During this period, writers went into all forms of literature like news reporting, poetry, stories, plays, essays, novels, etc. Their writing clearly depicted patriotism and longing for independence. In addition, 3 group of writers were formed – Spanish, Toga, and English. Though they differ in methods of reporting, they share the same ideas and spirit. The Spanish writers wrote on nationalism like in honoring Filipino heroes. Toga writers went on and on in their lamentations on the conditions of the country and their attempts to arouse love for one’s native tongue.
English writers Just imitated the themes and methods of the Americans. Also, this regime was divided into three periods. The First Period was of Re-orientation (1898-1910). Not much was produced during this period and was not much of literary worth. Writers were still adjusting from the idea of democracy – freedom of ideas and speech, the new phraseology of English language and standards of English literary style. They had to learn direct expression conditioned by direct thinking, sentence constructions, sounds & speech in English. They had to abandon sentimentality and floridly of language for the more direct and precise English language.
Also, English becomes the official medium of instruction for all public schools. The Philippine Free Press was founded in 1905 and College Folio begun its publication. The Second Period was of and poetry writing. They were more into imitating American and British models which resulted in a stiff, synthetic and unnatural style, lacking vigor and naturalness. Writers of this folio included Fernando Miramar, Juan F. Salary, Jose M. Hernandez, Vaccine del Iffier, Francisco Tantamount, Maxima Koala, Vidal A. Tan, Francisco M. Africa, and Victorian Yeoman. In addition, the Philippine Herald began its publication in 1920.
The Third Period was of Self-Discovery and Growth (1925-1941). By this time, Filipino writers had acquired the mastery of English writing. They now confidently and completely wrote on a lot of subjects although the old-time favorites of love and youth persisted. They also went into all forms of writing like the novel and drama. Furthermore, Philippine Book Guild and Philippine Writers League was organized and the 1st Commonwealth Literary awards were given. Japanese Period (1941-1945) The progression of Philippine literature halted during the Japanese invasion.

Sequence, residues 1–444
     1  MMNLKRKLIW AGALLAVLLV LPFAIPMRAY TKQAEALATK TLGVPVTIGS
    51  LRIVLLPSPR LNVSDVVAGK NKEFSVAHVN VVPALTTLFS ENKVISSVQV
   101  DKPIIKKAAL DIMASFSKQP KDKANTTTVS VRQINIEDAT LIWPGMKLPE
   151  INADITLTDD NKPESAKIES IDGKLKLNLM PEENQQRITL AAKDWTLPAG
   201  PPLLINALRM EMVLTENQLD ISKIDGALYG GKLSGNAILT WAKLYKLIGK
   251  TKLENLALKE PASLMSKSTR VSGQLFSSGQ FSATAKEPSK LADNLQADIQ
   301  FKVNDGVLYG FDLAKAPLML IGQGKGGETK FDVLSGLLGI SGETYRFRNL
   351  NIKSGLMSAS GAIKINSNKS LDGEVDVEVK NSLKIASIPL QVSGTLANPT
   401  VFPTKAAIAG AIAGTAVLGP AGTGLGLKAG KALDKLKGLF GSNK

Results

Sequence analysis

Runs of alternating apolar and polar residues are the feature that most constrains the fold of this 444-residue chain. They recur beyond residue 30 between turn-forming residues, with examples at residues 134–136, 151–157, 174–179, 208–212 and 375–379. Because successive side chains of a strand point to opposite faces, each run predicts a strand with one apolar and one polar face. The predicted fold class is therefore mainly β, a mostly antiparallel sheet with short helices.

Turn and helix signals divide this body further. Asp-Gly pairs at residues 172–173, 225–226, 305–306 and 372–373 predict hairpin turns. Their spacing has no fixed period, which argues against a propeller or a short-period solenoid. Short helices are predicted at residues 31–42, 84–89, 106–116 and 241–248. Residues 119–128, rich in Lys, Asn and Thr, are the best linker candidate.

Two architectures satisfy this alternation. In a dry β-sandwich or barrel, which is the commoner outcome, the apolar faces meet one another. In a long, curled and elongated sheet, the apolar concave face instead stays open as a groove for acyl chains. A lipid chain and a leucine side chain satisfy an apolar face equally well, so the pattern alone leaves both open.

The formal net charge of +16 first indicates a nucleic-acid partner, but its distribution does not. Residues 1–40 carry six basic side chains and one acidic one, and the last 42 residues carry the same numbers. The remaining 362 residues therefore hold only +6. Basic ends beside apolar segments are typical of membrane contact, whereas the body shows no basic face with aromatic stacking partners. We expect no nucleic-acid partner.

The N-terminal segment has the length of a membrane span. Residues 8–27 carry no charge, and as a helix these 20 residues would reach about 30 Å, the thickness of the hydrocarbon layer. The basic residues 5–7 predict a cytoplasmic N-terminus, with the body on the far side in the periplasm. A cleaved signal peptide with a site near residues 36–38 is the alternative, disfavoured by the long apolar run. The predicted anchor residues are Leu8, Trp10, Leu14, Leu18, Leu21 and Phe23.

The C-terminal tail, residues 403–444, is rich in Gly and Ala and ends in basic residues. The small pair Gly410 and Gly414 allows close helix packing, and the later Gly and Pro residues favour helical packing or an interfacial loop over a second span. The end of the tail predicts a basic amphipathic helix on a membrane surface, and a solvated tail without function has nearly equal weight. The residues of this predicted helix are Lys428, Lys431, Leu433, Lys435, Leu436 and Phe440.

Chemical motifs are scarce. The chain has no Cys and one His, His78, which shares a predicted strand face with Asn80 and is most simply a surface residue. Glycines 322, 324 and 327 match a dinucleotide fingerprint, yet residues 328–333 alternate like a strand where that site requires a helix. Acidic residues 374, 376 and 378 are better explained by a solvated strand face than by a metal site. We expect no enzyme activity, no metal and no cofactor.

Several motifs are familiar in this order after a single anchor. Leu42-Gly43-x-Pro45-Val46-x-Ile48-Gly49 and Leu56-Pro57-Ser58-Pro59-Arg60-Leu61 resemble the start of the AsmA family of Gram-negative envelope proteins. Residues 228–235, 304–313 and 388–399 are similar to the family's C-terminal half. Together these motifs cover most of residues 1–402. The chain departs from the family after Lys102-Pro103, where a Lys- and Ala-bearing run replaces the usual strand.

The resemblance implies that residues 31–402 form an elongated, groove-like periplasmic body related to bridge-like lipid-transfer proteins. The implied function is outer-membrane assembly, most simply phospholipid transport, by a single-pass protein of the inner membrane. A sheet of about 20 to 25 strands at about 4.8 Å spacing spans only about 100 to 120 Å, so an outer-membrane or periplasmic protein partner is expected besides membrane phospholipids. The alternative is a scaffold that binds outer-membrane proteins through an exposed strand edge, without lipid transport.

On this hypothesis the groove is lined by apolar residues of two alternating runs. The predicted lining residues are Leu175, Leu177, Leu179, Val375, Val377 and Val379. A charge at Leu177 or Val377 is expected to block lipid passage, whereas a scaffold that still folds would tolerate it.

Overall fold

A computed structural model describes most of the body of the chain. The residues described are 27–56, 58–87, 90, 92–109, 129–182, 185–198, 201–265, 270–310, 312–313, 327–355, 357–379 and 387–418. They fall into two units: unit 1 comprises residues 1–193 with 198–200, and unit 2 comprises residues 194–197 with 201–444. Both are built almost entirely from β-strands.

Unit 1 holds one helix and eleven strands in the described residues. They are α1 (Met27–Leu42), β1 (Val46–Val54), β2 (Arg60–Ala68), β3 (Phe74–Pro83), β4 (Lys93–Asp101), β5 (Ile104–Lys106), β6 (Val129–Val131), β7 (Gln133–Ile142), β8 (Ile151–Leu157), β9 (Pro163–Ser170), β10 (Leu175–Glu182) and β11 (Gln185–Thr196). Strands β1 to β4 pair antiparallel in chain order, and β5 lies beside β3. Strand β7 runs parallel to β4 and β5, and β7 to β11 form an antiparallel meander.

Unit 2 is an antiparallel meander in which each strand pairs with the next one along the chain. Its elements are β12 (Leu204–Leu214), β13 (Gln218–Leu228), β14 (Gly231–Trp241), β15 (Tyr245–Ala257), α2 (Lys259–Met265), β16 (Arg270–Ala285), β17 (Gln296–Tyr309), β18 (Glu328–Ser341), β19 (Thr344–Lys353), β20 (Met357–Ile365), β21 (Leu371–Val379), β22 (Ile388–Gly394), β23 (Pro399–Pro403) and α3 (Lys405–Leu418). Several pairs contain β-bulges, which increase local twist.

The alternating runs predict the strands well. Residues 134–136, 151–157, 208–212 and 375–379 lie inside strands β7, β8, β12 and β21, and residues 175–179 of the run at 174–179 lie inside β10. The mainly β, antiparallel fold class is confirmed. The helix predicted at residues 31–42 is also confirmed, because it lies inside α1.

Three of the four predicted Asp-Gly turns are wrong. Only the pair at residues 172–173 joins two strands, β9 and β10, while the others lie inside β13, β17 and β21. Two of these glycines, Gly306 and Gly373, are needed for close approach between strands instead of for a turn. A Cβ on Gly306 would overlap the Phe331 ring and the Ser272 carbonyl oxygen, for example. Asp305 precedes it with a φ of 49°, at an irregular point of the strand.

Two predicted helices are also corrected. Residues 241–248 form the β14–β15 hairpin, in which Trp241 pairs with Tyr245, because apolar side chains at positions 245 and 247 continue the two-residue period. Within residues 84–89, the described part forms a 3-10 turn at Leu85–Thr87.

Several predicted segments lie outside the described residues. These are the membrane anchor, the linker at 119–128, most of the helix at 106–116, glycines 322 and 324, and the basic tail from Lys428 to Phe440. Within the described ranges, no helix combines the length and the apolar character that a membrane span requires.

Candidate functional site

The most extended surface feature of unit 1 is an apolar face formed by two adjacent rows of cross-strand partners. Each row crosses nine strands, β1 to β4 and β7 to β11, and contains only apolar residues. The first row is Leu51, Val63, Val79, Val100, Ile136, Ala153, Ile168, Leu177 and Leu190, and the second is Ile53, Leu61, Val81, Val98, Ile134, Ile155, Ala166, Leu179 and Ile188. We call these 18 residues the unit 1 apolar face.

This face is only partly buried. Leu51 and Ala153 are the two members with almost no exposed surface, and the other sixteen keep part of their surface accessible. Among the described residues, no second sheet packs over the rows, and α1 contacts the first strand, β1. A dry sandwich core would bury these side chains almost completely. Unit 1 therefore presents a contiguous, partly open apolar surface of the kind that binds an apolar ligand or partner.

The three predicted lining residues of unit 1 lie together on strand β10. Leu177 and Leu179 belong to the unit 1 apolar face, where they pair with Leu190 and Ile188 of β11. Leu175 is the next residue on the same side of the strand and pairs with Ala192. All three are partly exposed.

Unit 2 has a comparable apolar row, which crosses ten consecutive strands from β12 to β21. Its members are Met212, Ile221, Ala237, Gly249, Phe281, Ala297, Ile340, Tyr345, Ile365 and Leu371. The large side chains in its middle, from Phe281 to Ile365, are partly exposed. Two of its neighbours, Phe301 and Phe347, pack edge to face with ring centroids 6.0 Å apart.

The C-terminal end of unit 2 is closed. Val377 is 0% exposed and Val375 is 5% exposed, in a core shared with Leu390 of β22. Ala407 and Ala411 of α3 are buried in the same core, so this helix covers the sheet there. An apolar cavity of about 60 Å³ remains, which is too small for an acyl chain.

All newspapers except for Tribune and the Philippine Review were stopped. Because of the strict prohibitions in English writing by the invaders, Toga literature experienced renewed attention. Even the weekly Alleyway was placed under strict supervision until it was managed by Japanese man named Ashier. In other words, Toga literature was given a break during this period. Many wrote plays (but dramas became lull and were simply translated versions of English plays), poems (3 types arise: Haiku, Tanana, and Garaging Any), short stories (its field expanded), etc. Topics and themes were often about life in the provinces.
Philippine Literature in English experienced a dark period and those who dared to write did for propaganda. Writings that came out during this period were Journalistic in nature and what literary output there was hardly negligible. Writers felt chained but slowly the spirit of nationalism returned. While some continued to write, others waited for a better mime to publish their works. Rebirth of Freedom (1946-1970) Writers had learned to express themselves more confidently but post-war problems beyond language and print-like economic stability, the threat of new ideas, and mortality had to be handled well & together.
There was proliferation of newspapers and it proved that there were more readers in English than vernaculars. Journalist became more radical. And as normality was restored, the tones and themes of writings turned to the less pressing problems of economic survival. Those who went abroad came back to publish their written works. It was noted that not all published kooks focused on war years but were simply compilations and second editions of what had been written before.
Here are some works of this period: The Voice of the Veteran Twilight in Tokyo Passion Death of the SAFE For Freedom and Democracy Betrayal in the Philippines Most poems dealt with the usual love of nature and social & political problems. Novel & Short Stories became longer. Toga Literature was resurrected and mostly focused during the occupation of Japanese – brutality, poverty, exploits, etc. Several literary-related organizations were formed and literary awards were launched I. E. The Planck Awards pennon of Activists (1970-1972) The patriotic youths became active and ask for changes in the government.